Certain Gags on Defense Contractor Employees Are Now Illegal
Defense contractors are well-aware that if they do not follow the law and do not abide by the terms of their contracts with the United States, they can be held liable under the False Claims Act. Often the Government would not know about fraud, except that an insider comes forward to report fraud to the Government. These insiders often report fraud using the False Claims Act’s qui tam provisions, which often allow for a reward to a successful whistleblower. You read more about the False Claims Act and its whistleblower provisions here.
Rather than commit to ethical behavior, disclose nonconformities to the United States, and do things the right way, many companies would rather bury the evidence and ship nonconforming product to the United States anyway. These companies try to avoid liability by forcing employees and contractors to sign Confidentiality Agreements to keep their jobs. This muzzles employees, who believe that they are contractually bound not to report fraud and illegalities to the United States.
It is one thing to require employees to keep true trade secrets to themselves—things like the formula for Coca-Cola, or new manufacturing processes and techniques. But it is another thing to try to stop employees from contacting the Government to report illegalities and fraud.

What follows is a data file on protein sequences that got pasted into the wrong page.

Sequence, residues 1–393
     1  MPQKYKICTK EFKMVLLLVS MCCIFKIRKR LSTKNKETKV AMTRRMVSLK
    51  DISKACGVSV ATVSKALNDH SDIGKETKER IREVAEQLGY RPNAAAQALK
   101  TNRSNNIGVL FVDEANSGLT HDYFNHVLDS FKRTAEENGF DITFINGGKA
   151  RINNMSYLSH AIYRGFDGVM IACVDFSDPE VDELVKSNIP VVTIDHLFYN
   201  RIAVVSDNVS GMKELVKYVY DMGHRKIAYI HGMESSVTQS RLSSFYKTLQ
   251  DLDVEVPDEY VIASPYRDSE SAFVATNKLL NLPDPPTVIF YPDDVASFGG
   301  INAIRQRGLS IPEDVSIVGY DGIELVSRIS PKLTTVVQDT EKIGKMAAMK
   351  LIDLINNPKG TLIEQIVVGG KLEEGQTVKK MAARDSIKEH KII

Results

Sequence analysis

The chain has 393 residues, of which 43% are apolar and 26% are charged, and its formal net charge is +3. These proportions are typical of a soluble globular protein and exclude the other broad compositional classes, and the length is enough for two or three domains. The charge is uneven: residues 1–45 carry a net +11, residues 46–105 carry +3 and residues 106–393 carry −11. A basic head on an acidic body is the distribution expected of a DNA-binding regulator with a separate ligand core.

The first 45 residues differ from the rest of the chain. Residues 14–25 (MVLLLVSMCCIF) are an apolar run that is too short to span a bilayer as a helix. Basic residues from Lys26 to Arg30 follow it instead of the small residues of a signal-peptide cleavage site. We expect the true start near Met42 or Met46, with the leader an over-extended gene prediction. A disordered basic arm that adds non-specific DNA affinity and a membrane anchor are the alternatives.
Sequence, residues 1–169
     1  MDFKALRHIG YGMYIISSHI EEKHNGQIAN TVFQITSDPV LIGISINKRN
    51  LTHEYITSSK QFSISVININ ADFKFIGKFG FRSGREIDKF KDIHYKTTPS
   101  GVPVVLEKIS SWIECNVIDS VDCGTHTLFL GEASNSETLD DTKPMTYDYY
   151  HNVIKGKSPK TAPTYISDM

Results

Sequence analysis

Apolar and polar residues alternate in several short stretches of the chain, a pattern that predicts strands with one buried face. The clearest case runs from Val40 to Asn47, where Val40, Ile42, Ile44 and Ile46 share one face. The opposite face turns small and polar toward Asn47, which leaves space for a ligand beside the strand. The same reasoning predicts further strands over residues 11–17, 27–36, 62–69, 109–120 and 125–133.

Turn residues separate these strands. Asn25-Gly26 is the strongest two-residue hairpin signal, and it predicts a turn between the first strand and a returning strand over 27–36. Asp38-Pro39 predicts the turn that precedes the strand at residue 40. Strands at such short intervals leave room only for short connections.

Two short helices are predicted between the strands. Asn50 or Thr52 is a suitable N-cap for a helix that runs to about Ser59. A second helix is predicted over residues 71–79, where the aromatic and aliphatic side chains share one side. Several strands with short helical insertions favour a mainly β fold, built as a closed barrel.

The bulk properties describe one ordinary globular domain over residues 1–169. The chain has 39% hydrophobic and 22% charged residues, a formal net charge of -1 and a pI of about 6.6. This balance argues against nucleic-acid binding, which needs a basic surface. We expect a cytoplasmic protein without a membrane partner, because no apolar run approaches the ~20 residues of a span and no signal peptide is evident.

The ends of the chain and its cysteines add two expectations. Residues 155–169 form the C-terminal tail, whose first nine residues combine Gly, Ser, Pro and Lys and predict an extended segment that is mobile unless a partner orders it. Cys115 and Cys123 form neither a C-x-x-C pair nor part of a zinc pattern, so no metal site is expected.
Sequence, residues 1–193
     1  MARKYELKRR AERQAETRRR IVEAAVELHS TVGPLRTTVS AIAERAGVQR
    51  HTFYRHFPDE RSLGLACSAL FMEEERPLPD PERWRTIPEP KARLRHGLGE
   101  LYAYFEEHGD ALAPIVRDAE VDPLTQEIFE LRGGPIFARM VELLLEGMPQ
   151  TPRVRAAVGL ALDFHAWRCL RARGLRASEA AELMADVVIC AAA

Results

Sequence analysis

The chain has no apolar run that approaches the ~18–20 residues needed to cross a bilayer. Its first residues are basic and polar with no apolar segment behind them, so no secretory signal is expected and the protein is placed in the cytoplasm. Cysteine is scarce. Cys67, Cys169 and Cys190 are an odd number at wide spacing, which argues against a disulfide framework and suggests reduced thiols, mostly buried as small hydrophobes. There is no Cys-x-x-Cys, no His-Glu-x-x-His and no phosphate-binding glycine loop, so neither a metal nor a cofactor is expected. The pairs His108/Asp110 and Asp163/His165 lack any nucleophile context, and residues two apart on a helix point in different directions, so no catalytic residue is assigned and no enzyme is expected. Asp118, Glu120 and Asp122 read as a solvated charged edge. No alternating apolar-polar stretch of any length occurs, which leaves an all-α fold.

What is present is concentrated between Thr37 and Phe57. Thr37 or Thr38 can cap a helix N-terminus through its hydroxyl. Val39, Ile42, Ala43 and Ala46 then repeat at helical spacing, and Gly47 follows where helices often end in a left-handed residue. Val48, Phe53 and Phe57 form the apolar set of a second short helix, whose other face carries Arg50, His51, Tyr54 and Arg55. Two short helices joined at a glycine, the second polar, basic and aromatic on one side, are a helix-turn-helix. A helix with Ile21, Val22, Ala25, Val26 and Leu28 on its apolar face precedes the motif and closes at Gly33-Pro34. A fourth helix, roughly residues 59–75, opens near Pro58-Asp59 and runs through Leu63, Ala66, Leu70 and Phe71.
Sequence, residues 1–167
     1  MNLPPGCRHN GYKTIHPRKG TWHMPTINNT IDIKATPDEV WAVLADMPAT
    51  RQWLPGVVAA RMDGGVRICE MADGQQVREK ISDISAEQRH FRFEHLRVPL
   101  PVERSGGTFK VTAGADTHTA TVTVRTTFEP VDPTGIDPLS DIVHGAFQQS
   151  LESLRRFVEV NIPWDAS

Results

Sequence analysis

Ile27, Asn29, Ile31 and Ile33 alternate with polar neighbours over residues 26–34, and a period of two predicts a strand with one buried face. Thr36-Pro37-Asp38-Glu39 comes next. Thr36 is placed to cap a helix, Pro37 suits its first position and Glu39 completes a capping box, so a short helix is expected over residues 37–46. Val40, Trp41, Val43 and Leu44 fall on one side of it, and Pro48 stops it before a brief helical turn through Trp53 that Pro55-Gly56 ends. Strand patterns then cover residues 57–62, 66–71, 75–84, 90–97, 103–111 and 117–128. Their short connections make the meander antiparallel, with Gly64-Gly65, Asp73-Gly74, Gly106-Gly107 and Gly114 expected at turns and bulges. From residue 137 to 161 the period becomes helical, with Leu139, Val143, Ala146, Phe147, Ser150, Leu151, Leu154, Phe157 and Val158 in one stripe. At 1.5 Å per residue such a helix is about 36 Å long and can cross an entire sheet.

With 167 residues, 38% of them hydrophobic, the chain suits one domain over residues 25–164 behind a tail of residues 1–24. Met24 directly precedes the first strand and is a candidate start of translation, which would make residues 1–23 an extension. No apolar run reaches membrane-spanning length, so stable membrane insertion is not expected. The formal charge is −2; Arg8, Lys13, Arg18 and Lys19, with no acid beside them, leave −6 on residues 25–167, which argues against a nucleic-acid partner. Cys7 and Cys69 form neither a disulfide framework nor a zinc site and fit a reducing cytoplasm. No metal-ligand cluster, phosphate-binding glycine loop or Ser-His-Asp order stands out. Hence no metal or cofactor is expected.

The Department of Defense recently decided that it will no longer contract with entities who require their employees and contractors to sign internal Confidentiality Agreements that purport to bar employees from lawfully reporting fraud, waste, or abuse to the a designated investigative or law enforcement representative of a Federal department or agency authorized to receive such information. Employers that have such prohibitions are required to notify employees that any such prohibitions are no longer in effect. DFAR 252.203-7998, 252.203-7999. View these regulations here. Hat tip to Jason Zuckerman for alerting us to this new regulation.
Are you aware of a company that has cheated or defrauded the United States, but are concerned about a Confidentiality Agreement? We are happy to discuss your legal options with you in confidence. You can obtain guidance from experienced legal counsel by contacting us.